Icelandic band headlining Bestival in England
Sigur Ros has made first contact in terms of a new tour today, as they announce they'll be headlining the Bestival festival in England this summer and plan to hit the road in 2012.
The Icelandic dream-rockers will head to the Isle of Wight for a Sept. 9 show, confirming their first live performance in four years. And, apparently, "their only show in the UK in 2012."
"We’ll be announcing more tour dates soon – sign up to our mailing list to get the news first," the band posted on their site.
The band was last out to support 2008's "Med Sud I Eyrum Vid Spilum Endalaust," though they released a new film last year, "Inni," which was just lovely. Not quite as lovely as 2007's "Heima," which is practically experiential in illustrating the power of Sigur Ros' live show. I was taken with Jonsi's solo stint in support of "Go" two years ago, and I imagine that this forthcoming 2012 tour will have the same stunning visual clout, particularly as it seems Sigur Ros' fandom continues to grow through exposure in television and movie placements, like in Cameron Crowe's "We Bought a Zoo."
The Cure, Bjork and PJ Harvey headed up Bestival last year.
Upcoming album will be the duo's first since 2005
The enigmatic electronic duo Daft Punk are reportedly ready to make some long-overdue new music, and will be working with the funkiest of the funky to make it happen. The twosome are teaming with Chic mastermind Nile Rodgers on an upcoming album.
Known for crushing the dancefloor (and epic live shows) with their hits "One More Time," "Digital Love" and the Kanye-friendly "Harder, Better, Faster, Stronger," the pioneering Frenchies (human names: Guy-Manuel de Homem-Christo and Thomas Bangalter) haven't released a proper studio album since 2005's "Human After All," although they scored the 2010 film "Tron: Legacy."
Rodgers told Daft Punk fan site Fasterlouder.com, "We were just jamming at my house, but it’s gonna be proper and real... They came over to my today around breakfast time and it's now evening. I basically had to almost kick them out. We were having so much fun just in an informal setting that we decided to make it formal. And it's very formal. It's gonna be amazing."
Perhaps best known for "Le Freak," Chic's "Good Times" was borrowed by Daft Punk for their hit "Around the World."
Rodgers has previously helped such musical titans as Madonna and David Bowi get in touch with their disco-R&B side, and seems like a match made in dancefloor heaven. He is also a guest on Adam Lambert's upcoming album.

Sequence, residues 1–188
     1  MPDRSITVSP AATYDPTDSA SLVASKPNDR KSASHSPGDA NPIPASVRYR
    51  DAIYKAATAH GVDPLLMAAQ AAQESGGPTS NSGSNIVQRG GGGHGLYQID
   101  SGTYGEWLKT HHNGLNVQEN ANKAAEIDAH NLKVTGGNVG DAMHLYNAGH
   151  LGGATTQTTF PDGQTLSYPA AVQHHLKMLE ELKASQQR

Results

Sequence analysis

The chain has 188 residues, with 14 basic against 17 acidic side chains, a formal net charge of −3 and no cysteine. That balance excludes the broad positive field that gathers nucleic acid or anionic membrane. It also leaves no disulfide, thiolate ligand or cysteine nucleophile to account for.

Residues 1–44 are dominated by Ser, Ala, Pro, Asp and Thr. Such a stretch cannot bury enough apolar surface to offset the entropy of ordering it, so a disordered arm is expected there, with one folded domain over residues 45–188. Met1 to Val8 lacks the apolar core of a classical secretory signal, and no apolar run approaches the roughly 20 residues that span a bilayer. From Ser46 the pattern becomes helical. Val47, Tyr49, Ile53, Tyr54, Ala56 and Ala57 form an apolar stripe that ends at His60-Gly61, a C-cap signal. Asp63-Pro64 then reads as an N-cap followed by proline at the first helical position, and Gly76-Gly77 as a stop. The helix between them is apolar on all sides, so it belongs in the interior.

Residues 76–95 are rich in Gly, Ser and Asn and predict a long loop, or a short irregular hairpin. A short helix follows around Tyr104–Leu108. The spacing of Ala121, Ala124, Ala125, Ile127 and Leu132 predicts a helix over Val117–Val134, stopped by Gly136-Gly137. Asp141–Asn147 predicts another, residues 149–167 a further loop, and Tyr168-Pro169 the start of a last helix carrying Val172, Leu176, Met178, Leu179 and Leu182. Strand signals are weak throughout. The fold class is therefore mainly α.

Are you excited to hear the collaboration?
Annie Clark's a china doll, the Black Keys rock New York
Here's a rundown of some standout videos and tracks for the day, from Black Keys, St. Vincent, Niki & the Dove and Band of Skulls.
Dan Auerbach of the Black Keys hasn't just been hard at work on Dr. John's next album. He and Patrick Carney have been rocking audiences in support of latest "El Camino" in the last few months, with the below footage culled from a raucous set in New York. I find the setting disagreeable -- Webster Hall isn't even near one of the best venues in the city -- but the lights do a lot of doctoring Webster's walls for this vibrant scene.
Veteran metal trouple playing the Black Album in its entirety; Avenged Sevenfold, Modest Mouse on the bill
For years, Metallica has brought their music directly to the fans with endless tours. Now, with the launch of the metal act's own festival Orion Music + More, the fans can come to them.
Today, the quartet took to LiveStream to announce their weekend-long event, to take place in Atlantic City, N.J., on June 23-24. The band will close out both nights, and have tapped other bands like Arctic Monkeys, Avenged Sevenfold and Modest Mouse to play throughout. The band has also promised to play "Ride the Lightning" and the eponymous "Black album" in their entirety -- that marks the first time they've done the latter on U.S. soil.
Band is experimenting with social media in their post-Geffen days
Yeah, what did happen to the Counting Crows?
I was thinking about that as I saw the movie "Gypsy Davy" at this year's Sundance Film Festival. The documentary film, in a tangent, reveals the origins of "a black-haired / flamenco dancer" and the father who plays guitar in the '90s hit "Mr. Jones." There's footage of the band's floppy-dreaded frontman Adam Duritz singing the song live and a reminder that Duritz and his bandmates had lives and other bands before Counting Crows. And they've seen some strange years after its inception.